If there are two things I have learnt in my 20 years of developing print related products, it is the following:
1. Even if you create one of the world's hottest, most sought after (and profitable) products, no customers or any investor will come knocking on your door any time soon.
2. If you want to maximise future profits and create a buzz you need to add as much value to your product as possible - the responsibility really will rest squarely on your own shoulders, at least until you have jumped through a few more hoops first.
Innovators can stack the odds of success in their favour. First though they must shift their mindset from delusional to real.
You need to beat the clock
In my case, looking at it from an inventor’s perspective, tinkering too long means my first 12 months patent protection will elapse, unless I monetise within that period so I am able to cover my patent fees. I believe that whether you include patent protection or not, you need to set a time frame in order to finish your development phase so you can launch it. Give yourself three years and it will take that long, but if you set your launch date for, say, 12 months’ time, you will avoid procrastination and reduce the possibility of another company getting something out before you.
Here’s three steps, based on my own experience, of how you can fast track the launch of your product:
Tame the beast you have created. Take away the 'bells and whistles' and settle on a first version of your solution that is unique enough to compete in the market.
One key feature that works well might be better than adding four more that function less than adequately. Your customers’ feedback will help you create the upgraded deluxe version when the time is right.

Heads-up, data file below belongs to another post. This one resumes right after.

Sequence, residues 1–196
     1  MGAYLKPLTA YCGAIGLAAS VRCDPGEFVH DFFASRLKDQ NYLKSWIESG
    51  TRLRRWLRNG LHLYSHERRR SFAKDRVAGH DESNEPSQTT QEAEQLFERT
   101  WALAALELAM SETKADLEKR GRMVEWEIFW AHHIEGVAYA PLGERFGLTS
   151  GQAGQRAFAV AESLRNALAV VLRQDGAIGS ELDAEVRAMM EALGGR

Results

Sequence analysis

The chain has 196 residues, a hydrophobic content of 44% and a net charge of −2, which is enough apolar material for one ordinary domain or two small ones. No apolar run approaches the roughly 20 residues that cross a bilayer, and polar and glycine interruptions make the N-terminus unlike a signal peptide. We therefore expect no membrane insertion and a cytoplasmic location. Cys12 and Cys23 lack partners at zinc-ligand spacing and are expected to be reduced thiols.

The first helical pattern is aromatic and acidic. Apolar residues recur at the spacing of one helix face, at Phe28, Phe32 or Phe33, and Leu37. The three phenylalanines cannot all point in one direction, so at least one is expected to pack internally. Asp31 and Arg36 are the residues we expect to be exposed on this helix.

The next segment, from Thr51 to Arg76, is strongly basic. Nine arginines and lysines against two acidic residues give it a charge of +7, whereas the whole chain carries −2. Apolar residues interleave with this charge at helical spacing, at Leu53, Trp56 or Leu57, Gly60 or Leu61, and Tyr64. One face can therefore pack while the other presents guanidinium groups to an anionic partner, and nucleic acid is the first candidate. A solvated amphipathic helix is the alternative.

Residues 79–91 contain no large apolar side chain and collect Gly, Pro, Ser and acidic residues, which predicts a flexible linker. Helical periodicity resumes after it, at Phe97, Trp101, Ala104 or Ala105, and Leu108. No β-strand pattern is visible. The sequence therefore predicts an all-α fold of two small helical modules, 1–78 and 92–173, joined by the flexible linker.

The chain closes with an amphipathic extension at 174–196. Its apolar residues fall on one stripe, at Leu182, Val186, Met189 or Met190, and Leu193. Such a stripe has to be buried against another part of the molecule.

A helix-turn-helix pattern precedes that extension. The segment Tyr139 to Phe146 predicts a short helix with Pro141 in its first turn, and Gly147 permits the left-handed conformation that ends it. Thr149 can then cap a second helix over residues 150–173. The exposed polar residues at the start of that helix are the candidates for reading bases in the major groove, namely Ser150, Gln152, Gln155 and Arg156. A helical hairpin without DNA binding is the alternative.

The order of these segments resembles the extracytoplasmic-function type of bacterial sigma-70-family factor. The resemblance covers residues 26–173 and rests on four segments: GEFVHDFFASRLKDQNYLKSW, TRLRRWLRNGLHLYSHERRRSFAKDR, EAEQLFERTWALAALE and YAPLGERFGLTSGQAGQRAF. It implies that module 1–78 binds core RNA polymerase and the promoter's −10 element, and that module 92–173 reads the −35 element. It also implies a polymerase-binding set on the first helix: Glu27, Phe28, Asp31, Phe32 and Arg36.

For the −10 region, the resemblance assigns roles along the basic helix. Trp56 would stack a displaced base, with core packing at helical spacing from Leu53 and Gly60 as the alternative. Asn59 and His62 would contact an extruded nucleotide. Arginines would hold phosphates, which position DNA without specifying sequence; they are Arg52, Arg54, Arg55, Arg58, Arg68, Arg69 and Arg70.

My prototype Tri-Creaser was laughed at by my first customer, who almost rejected my offer to demonstrate what it could do. They did place an order – but the more polished version I produced later got me through more doors, allowing me to charge more money and to be taken much more seriously.
I would usually incentivise a project manager to own the project and challenge them to hit the deadlines. They will take ownership and total responsibility and it's amazing what they can do if you hand over such responsibility.
The 'baby' they are nurturing needs its own identity. One day it will probably need to survive without any of you being there, so as well as giving it a name, give it a character and define its worth (features and benefits).
Create a product sheet that sets out its benefits and produce a simple instructional leaflet. Put yourself in the shoes of your customer: what do they need to know to understand the unique qualities of your creation?
Your product is like a precious picture - frame it with the best packaging you can muster, if that's applicable. Put time into being inventive with the presentation.
Going to the effort of refining every aspect of your product within the maximum time period of, say, a year (depending on the complexity of the product) will add perceived value and help you to get it under the noses of the people who you want to see it.
This methodology has been key to my own successful development of over 500 products. Sometimes the most obvious and simple disciplines really do make all the difference.
Graham Harris is founder and managing director of Tech-ni-Fold and Creasestream, global leaders in print creasing technology. His invention has saved customers over £8bn to date. His book Against the Grain is available now on Amazon